“Want to buy a cookie?” a group of voices asked in unison, startling my wife and me. This was a few months ago and happened just as we were strolling home along Windward Avenue in Venice. Looking just to our right we saw a couple guys smiling through a rectangular hole in a whitewashed fence. On a platform above them, seated in lawn chairs were a couple young women in shorts and tank tops. After living off the boardwalk for so many years and regularly being approached by many random people asking for many random things, our initial instinct was to say no thanks without missing a step. Something about this was different though, and two steps after saying our rote “No, thanks,” we both stopped. “What was that?” I asked as we turned around. A blonde, long-haired surfer-looking guy named Kyle gave us the pitch from behind the counter.
“We’re farmers from Michigan, and we’re selling vegan, organic cookies using the wheat grown on our family farm,” he said, pointing to a display of four, slightly round drop cookies situated in front of him while holding up a glass jar full of whole grain wheat. “This is my apartment, and we do all of the prep and cooking in my kitchen. Want to try a sample?”
“Uh, sure,” we said. Why not? I could think of a couple reasons. However, they also informed us they were operating legally under a recently passed cottage food industry law that allowed the sale of l0w-risk foods, such as baked goods, to be prepared in people’s home kitchens and sold directly to the public. Another blonde, long-haired, surfer-type, who we learned was Kyle’s slightly older brother Wes, dropped back into the darkness and returned a moment later with a plate of small, pie-shaped samples of all of the cookies. We tasted as we talked.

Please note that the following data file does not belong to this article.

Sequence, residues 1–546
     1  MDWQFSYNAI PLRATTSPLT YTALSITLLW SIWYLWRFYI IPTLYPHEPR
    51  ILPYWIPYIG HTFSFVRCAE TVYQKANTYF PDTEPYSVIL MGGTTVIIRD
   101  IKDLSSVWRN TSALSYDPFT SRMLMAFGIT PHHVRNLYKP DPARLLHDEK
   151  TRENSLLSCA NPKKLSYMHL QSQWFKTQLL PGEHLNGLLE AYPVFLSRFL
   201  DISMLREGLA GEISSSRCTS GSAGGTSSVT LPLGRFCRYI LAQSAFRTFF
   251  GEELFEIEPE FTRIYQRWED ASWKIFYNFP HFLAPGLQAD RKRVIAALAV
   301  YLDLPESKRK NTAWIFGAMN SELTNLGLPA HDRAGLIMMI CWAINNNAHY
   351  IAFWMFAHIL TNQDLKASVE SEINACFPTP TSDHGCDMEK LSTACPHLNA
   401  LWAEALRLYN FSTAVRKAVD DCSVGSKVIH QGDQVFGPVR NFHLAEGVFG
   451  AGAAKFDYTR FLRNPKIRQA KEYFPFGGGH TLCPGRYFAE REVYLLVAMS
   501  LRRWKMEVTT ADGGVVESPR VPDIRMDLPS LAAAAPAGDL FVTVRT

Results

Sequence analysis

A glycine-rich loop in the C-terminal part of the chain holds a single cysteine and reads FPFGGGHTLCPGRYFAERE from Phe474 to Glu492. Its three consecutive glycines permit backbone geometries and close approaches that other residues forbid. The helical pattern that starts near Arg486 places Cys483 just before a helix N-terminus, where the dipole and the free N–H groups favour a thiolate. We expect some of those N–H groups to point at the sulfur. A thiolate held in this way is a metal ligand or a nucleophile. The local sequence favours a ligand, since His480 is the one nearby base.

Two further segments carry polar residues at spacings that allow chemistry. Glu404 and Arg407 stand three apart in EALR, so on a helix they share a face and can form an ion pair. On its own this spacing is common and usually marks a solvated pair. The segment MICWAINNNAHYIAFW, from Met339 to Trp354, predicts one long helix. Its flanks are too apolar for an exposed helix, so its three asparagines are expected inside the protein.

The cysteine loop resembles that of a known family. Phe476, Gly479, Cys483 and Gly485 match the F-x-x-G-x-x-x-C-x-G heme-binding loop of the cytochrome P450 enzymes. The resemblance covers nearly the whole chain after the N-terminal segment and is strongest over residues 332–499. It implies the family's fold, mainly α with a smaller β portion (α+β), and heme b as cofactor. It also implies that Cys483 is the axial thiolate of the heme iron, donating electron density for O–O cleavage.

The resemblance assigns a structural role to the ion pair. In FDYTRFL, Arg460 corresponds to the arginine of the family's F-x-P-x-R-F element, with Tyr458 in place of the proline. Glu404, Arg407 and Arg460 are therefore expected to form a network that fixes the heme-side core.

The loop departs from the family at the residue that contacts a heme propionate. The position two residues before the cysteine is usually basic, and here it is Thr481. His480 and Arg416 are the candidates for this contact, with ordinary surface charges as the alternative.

“Where are you from in Michigan?” Erinn inquired. The cookies were good. Not incredibly sweet, but not bad for something described as vegan and organic and cooked by a couple of dudes in a studio apartment. They were from Custer, a small town of less than 300, halfway up the western side of the mitten. We told them Erinn’s brother-in-law was from Hart, only a few miles from there, and that we were going to be visiting her sister in Grand Rapids in just six weeks. “Cool beans,” Kyle said. Wes mentioned that at least one of them was going to go back in a month to help their dad with farming duties. We finished our samples, and they asked if we wanted to buy anything. I felt obliged at this point, but neither of us were carrying cash and the cookies were $3 a piece. “It’s okay. We take cards,” Kyle said with a shrug. I bought an oatmeal raisin and a peanut butter.
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